Despite the complexity of the forthcoming General Data Protection Regulation (GDPR), boards most need to understand is that it is not just about law, IT and security, according to Herwig Thyssens, ICT director and head of T-Trust at T-Systems Belgium.
“They need to understand that GDPR is not just a project that needs to be implemented, but something that needs to be maintained for the life of the business,” he told EEMA’s ISSE 2017 conference in Brussels.
Although it is not necessary to go into great detail about the GDPR, Thyssens said the board needs to understand why it needs to be done and why the investment needs to be made.
“It really is an investment because, like any good investment, it is something that offers a return – you get money out because it helps build customer trust,” he said.
According to Thyssens, boards are only likely to get confused if they are told organisational changes are required to adapt, that there is a legal and contract basis to implement and some security and ICT processes to do, and that compliance and risk, finance, HR, communications and marketing are involved because there is an opportunity to make money.
At the same time, he said it is important that boards do not lose sight of all that needs to be done and do not develop “tunnel vision” where they believe that preparations for GDPR are on track just because the legal and security aspects are being addressed.
Plug the GDPR gap
“There are often gaps in GDPR implementations, where organisations tend to focus on the legal aspects, contracts, security and data protection officers, but tend to forget other key elements,” said Thyssens.
Organisations are more likely to forget things such as data inventory, data privacy impact assessments and staff awareness, even though proof of all these things will be required in the event of a GDPR audit.
Herwig Thyssens, T-Systems Belgium
“A data inventory can be difficult to create, and many organisations are not completely sure where specific kinds of data are stored and who owns the data, which some organisations find very difficult to answer, but it is key to GDPR compliance.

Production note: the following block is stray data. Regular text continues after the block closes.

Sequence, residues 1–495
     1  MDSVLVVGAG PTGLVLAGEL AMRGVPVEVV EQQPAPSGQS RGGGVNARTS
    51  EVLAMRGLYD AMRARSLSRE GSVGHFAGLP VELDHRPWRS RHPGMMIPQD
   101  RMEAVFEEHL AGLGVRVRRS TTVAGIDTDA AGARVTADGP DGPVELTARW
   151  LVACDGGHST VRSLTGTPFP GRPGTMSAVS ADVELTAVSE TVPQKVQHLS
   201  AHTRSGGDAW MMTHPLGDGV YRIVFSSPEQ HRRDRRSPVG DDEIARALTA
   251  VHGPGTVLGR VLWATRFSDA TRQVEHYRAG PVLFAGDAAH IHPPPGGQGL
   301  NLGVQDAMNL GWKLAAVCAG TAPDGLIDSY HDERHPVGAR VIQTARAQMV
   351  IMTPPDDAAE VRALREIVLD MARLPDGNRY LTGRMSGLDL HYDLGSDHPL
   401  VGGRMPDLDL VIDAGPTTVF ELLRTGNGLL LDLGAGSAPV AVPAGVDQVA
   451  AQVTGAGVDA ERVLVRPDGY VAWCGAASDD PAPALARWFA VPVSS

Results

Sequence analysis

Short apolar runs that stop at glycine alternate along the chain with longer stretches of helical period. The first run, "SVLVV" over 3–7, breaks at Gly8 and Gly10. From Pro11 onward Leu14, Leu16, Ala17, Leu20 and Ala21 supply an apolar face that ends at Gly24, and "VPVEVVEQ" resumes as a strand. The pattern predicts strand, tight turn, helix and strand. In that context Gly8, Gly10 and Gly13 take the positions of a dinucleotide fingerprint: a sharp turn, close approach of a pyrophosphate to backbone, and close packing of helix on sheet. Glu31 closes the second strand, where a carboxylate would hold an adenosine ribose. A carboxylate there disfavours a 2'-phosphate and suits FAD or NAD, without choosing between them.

“If you do not know what you have, where it is and who owns it, you will not be able to provide the necessary assurances around the data and you will not be able to use the added value of the GDPR to get more business,” said Thyssens.
Organisations most commonly fail to address issues around how the organisation will be affected, international data flows, data retention, backups and privacy by design.
“Data retention is likened to inventory, but even if an organisation knows where the data is, some find it too difficult to decide how long to keep it, which is a basic question GDPR auditors will ask,” said Thyssens.
In terms of privacy by design requirements, he said organisations with a high level of maturity should task business process owners to look at their processes to assess the impact of the GDPR and what needs to change.
“In organisations with low maturity, my advice is to make sure the board is involved so it can drive this forward, because it will not happen automatically, and that there is a dedicated team assigned to the project to co-ordinate and drive it across business functions,” he said.
With just over six months to go before the GDPR compliance deadline, Thyssens said organisations should consider if they have done all these things, identify their gaps and address them immediately, because time is running out.